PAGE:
Banking can be a headache, particularly when you use a traditional bank. Between trekking to bank branches, earning little to no interest on your cash, and paying annoying fees, you might find yourself tempted to say goodbye to your bank and pick a new one. At the same time, you probably worry about the time and effort it will take to move your banking services somewhere else. Switching banks can feel especially daunting if you have a lot of bill pay transactions set up through your bank account that you’ll have to move over one by one. 

But there’s a trick you can use to make switching banks much easier: pay all of your bills with a credit card. 

Pay your bills with a credit card

First things first: credit card debt typically comes with an extremely high interest rate (nearly 15% for new cards right now), so if you’re going to use one, it’s important for you to pay off your entire balance each month. If you’re confident you’ll be able to do this, however, credit cards provide benefits that make it worth your while to use them for all of your bills.

Much has been written about the benefits of using credit cards, ranging from security to building credit history. But for the purposes of this post, we’ll focus on the two main reasons to pay your bills with a credit card instead of right out of your bank account. The first reason is rewards: you’ll earn points or cash back (or whatever your credit card offers) for using your card to pay your bills, which can translate to a 1-2% discount on all of your spending. You won’t get those rewards for spending right out of your bank account. If you’re going to pay the bill anyway, you might as well earn rewards. The second reason is portability: by putting all of your recurring bills on your credit card instead of linking them to your bank account, you make it radically easier to switch financial institutions because you’ll have far fewer bill pay transactions to update. 

The problem with credit card reviews

So what’s the best credit card to use for your bills? Unfortunately, popular credit card review sites make it hard to tell. If you visit these sites, you’re likely to find long lists of cards and their respective benefits, but it will be hard to pick a clear winner. This isn’t an accident. Reviews sites are often compensated by credit card companies to feature certain cards, which means they have a strong incentive to promote multiple cards instead of recommending one or two as the best.

To pick the best card for your needs, do your own research. We recommend making a grid that tracks these three factors for each card: the APR (or interest rate you’ll pay on any outstanding balance), the annual fee, and the rewards you’ll receive. You’ll need to decide which rewards are most valuable to you (travel? cash back?), evaluate the likelihood that you’ll carry a balance and owe interest, and weigh whether the benefits you’ll get are worth the annual fee you’ll pay.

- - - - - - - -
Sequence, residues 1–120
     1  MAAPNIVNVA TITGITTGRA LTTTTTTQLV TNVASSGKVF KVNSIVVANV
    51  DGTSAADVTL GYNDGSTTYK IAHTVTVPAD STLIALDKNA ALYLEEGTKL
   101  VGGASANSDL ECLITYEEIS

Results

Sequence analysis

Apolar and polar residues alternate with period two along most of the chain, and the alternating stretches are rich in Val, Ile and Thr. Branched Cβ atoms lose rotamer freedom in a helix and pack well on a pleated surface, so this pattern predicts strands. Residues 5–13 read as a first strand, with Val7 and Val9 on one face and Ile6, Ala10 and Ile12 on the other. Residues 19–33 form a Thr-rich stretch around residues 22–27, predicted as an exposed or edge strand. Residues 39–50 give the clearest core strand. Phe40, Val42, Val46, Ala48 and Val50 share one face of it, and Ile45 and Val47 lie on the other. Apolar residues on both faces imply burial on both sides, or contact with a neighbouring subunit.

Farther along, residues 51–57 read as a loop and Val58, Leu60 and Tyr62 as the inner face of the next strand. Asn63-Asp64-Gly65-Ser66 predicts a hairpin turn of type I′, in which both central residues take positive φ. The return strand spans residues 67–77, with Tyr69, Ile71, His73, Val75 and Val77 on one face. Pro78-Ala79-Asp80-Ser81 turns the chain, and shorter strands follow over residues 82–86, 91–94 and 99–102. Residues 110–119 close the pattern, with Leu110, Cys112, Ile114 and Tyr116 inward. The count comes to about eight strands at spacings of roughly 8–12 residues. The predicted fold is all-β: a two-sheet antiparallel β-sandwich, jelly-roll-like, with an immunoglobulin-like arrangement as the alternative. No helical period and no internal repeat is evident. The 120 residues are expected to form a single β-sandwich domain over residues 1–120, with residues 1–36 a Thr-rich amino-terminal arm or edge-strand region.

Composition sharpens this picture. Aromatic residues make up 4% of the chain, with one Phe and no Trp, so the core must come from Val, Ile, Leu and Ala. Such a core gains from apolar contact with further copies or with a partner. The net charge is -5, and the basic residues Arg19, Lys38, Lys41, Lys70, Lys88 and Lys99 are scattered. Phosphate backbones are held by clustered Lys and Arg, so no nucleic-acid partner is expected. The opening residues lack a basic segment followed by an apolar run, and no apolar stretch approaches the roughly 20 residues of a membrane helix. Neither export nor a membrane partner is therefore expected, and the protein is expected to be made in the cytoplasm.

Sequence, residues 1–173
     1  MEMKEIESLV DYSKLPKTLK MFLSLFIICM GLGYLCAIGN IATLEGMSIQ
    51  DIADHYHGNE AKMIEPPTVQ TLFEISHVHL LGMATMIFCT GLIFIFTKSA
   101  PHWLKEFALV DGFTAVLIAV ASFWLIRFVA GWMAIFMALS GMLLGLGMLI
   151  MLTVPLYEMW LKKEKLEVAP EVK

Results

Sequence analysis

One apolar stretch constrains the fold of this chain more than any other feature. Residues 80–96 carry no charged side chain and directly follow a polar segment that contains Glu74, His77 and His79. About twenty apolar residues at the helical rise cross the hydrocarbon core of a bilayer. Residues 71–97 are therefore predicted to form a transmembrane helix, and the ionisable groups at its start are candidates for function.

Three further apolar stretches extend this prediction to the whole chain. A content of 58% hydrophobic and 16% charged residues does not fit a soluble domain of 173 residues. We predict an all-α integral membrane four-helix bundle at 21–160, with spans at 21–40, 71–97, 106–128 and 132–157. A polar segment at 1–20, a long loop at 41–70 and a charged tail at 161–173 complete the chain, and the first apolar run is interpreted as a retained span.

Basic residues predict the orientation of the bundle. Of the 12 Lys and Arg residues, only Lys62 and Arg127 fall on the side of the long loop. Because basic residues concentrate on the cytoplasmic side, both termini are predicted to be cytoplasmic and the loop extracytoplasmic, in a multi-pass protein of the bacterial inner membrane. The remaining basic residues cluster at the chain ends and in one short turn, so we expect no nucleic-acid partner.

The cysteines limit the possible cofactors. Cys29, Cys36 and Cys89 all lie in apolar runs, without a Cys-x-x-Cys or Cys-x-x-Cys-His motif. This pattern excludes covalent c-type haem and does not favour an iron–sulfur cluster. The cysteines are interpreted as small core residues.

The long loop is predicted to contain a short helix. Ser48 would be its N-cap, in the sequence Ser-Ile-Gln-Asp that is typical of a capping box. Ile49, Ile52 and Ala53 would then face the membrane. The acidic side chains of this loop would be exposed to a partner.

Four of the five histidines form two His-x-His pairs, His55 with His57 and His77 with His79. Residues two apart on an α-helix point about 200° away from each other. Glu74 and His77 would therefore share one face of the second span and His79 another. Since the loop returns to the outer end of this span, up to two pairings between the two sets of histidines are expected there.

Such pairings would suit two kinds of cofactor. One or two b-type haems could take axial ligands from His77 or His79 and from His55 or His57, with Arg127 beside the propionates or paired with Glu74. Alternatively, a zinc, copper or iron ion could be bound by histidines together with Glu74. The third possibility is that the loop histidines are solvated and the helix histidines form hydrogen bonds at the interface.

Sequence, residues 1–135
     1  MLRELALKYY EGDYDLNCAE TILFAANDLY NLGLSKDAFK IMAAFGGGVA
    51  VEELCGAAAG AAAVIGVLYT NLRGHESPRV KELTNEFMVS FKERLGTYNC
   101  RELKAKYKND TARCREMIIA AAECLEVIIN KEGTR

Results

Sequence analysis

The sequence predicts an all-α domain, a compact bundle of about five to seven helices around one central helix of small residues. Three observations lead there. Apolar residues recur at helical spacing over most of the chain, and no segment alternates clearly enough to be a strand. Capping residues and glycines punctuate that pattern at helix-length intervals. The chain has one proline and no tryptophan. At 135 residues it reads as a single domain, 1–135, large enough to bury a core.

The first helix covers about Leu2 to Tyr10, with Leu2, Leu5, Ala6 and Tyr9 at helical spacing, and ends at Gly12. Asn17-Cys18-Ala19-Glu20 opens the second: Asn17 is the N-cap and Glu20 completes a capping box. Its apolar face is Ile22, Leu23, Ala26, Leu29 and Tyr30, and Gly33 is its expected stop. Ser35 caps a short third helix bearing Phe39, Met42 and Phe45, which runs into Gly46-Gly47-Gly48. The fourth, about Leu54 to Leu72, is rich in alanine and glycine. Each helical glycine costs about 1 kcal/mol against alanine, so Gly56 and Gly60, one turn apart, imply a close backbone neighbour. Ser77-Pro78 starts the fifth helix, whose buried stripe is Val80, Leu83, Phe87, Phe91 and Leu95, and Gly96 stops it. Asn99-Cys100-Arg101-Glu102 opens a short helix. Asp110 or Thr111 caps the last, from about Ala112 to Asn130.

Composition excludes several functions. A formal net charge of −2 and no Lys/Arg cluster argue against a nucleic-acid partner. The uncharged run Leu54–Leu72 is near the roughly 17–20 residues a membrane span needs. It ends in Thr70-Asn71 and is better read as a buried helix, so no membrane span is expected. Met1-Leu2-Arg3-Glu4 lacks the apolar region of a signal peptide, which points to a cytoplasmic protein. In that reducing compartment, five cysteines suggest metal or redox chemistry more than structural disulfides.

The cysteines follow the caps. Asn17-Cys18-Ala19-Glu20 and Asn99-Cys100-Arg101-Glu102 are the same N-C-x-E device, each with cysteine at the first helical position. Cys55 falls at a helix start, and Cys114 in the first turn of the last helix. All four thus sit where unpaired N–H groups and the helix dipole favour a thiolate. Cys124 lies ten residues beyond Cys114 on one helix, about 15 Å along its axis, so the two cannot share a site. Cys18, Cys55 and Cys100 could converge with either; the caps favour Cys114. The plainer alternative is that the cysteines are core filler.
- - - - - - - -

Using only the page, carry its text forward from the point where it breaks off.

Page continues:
Switching banks

Once you’ve chosen a credit card and put your recurring bills on that card, switching banks is easy. You’ll probably have a few bills you can’t put on your credit card: your mortgage or rent, your utilities, and your credit card bill itself. But moving three bill pay transactions over to a new account is a piece of cake compared to moving over a dozen or more.

In addition to updating your bill pay when you switch banks, there are a few more items you should move: your direct deposit, any “auto-save” rules you have set up in your old account, and any direct bank links to services like Venmo and Paypal. You’ll also want to consider the long tail of places where you might have linked your bank account, like brokerage accounts and your company’s expense reporting software. Just make sure you’ll have enough money in your account to pay any upcoming transactions while you’re making the switch. Compared to the hassle of updating an endless list of bill pay transactions, these items shouldn’t take much time at all. 

A new way to bank

Using a credit card to pay your bills dramatically simplifies the process of switching banks. And if you’re tired of feeling like your bank is making money off of you (and to be clear, they are) you might consider using Wealthfront instead.

Wealthfront’s Cash Account has a full suite of checking features, pays an APY many times the national average, and charges absolutely no account fees. We also make it easy to send paper checks (for things like your rent or mortgage) on a recurring basis up to a year in advance. With the Cash Account, you can get paid up to two days early with direct deposit, pay bills and friends, and deposit checks right from the app. And it’s integrated with our best-in-class investing service which allows you to build long-term wealth with an investment strategy that’s time-tested and academically proven. You can even use our free service Autopilot to automate smart transfers to your Investment Account. 

At Wealthfront, our mission is to build a financial system that favors people, not institutions. To accomplish that mission, we’re reinventing banking to provide a much better experience than what you’d get at a traditional bank. We’re thrilled to offer all the features you need for your day-to-day banking needs. We’re confident we can offer you much more value than your traditional bank can.

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About the author(s)

The Wealthfront Team believes everyone deserves access to sophisticated financial advice. The team includes Certified Financial Planners (CFPs), Chartered Financial Analysts (CFAs), a Certified Public Accountant (CPA), and individuals with Series 7 and Series 66 registrations from FINRA. Collectively, the Wealthfront Team has decades of experience helping people build secure and rewarding financial lives. View all posts by The Wealthfront Team

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